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frankie exclusive diy: scalloped leather clutch

frankie exclusive diy: scalloped leather clutch


Ready to stuff with official papers or a night out's essentials, this envelope clutch is surprisingly easy to make with super spiffy results.


Hi there, and welcome to the first frankie DIY of the year!

I tend to have a lot of paperwork with me and like to keep it spick and span at the bottom of my tote bag. And I was recently not too thrilled with my options when I went to an office supply store to look for a plastic sleeve to carry them around in. Some of the plastic sleeves on the shelves were already cracked, and some were just too bulky. So I decided to make my own out of faux leather. You can use real leather if you'd like, but vinyl is inexpensive, durable, easy to find and easy to wipe clean. Not to mention vegan!

I kept the clutch unlined and I embellished it with a scalloped edge that reminds me of a sugar biscuit. Even though I use my clutch as a glorified office supply, I think it's cute enough to use on a night out!




Faux leather (half a metre is plenty)

A button stud (or a button, or a metal snap), which can be found in sewing notion sections of craft stores or leather supply shops



Pen or marker

Rotary cutter or sharp scissors

Cutting mat

Paper clips or tape

A sewing machine or needle and thread

Scalloped pinking shears or cardboard to make a template

Embellishments such as pom poms and paint



1. Cut your material. I wasn't too precise about this, although feel free to measure more carefully than I did. Most of the papers I carry with me are around A4, which happens to be roughly the size of a frankie magazine! I used an issue as a rough guide. I marked straight edges at the side of the magazine and marked two long edges along the top and bottom, making sure I had enough material to wrap around the magazine three times. I then marked an edge on the opposite end. Once I had marked the material, I cut it with a rotary cutter. When cutting the vinyl (or real leather for that matter), cut very carefully as the cut edge will show on the outside.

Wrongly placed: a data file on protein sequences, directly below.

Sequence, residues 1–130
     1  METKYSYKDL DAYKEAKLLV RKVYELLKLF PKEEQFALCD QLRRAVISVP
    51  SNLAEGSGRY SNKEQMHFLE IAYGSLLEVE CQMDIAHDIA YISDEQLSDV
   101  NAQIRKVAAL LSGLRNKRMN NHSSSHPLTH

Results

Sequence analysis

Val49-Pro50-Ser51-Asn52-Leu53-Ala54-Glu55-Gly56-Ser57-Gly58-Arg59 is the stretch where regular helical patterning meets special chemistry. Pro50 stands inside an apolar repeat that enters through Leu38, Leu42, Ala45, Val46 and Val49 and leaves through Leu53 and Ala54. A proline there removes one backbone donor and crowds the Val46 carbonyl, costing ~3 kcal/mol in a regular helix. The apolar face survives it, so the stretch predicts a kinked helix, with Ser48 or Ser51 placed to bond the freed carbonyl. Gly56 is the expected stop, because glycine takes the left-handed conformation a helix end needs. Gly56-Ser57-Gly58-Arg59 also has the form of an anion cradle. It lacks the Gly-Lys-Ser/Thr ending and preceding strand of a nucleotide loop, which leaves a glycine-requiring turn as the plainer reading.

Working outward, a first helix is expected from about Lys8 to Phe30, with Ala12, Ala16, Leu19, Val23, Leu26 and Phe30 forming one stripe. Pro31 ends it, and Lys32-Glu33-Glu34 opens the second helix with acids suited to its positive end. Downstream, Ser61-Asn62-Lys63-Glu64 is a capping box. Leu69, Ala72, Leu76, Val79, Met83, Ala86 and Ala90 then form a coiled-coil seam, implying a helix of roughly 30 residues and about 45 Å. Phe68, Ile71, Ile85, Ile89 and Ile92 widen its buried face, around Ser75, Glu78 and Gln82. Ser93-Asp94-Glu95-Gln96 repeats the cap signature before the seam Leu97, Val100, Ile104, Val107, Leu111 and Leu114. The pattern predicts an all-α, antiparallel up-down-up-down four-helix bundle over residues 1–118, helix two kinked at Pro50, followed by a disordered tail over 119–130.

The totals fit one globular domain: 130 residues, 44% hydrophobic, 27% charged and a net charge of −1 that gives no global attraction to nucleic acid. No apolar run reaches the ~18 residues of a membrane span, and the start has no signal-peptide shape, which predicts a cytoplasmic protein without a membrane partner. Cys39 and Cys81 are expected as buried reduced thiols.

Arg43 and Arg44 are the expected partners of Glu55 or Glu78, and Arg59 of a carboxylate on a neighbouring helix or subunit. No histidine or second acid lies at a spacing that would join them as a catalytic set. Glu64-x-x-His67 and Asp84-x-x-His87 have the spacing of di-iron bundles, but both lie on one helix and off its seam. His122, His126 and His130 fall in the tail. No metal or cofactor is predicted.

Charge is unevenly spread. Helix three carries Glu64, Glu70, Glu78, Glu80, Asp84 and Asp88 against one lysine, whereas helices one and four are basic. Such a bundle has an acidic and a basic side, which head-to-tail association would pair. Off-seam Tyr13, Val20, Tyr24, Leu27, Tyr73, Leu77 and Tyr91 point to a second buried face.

2. To cut the outer flap, make a mark in the middle of the material by folding the two edges towards each other, and then cut an edge on a diagonal. I used the cut piece as a template to mark my diagonal edge on the other side.


3. Once I had my edge, I cut a clean edge on a piece of vinyl that was larger than my pointed edge. This was to make a sort of lining for the flap so it would be more sturdy. I attached the two pieces of vinyl together, insides facing each other. Use paper clips or tape to hold them in place as pins will make holes in your material. I sewed a straight line along the flap in a 'V' shape.




4. I used my scalloped pinking shears to cut along the edges of the flap. If you don't have scalloped pinking shears, you can make a cardboard template using a round object. Trace the bottom half of it and cut it out. Then use that template to make a scalloped template to trace an edge on your material. You can have tiny scallops as I had, or larger scallops, which would be easier to cut by hand.


5. I also cut a small scalloped loop to attach some pom poms, which I inserted in between the edges of my fabric.


6. To sew the sides, fold up your material and hold the sides with paper clips or tape (of course the only paper clips I have are cat-shaped!) Carefully sew along the sides.


7. I made two clutches: one that I left plain and one that I embellished with polka dots. I used the eraser from a pencil to make dots with paint all over my material before I cut it.


8. A button stud is a two piece metal fastener that attaches with a screw. Mark where you'd like to attach your fastener, and make a hole through the flap and the top piece of your material using the awl. Insert the screw part of the button stud through the inside of the clutch, and screw the top part of the stud on the outside. You might have to make the hole you made on your flap slightly bigger with a few tiny cuts around it. You want the button stud to pass through the hole snugly! If you don't have a button stud, stitch a button to the body of the clutch and make a slit on the flap. You can also use a metal snap as a fastener, attaching it by following the instructions on the package. I used a button on my polka dot clutch.


9. I attached some pom poms to one of my clutches to make it more fun. Not all office supplies have to be boring!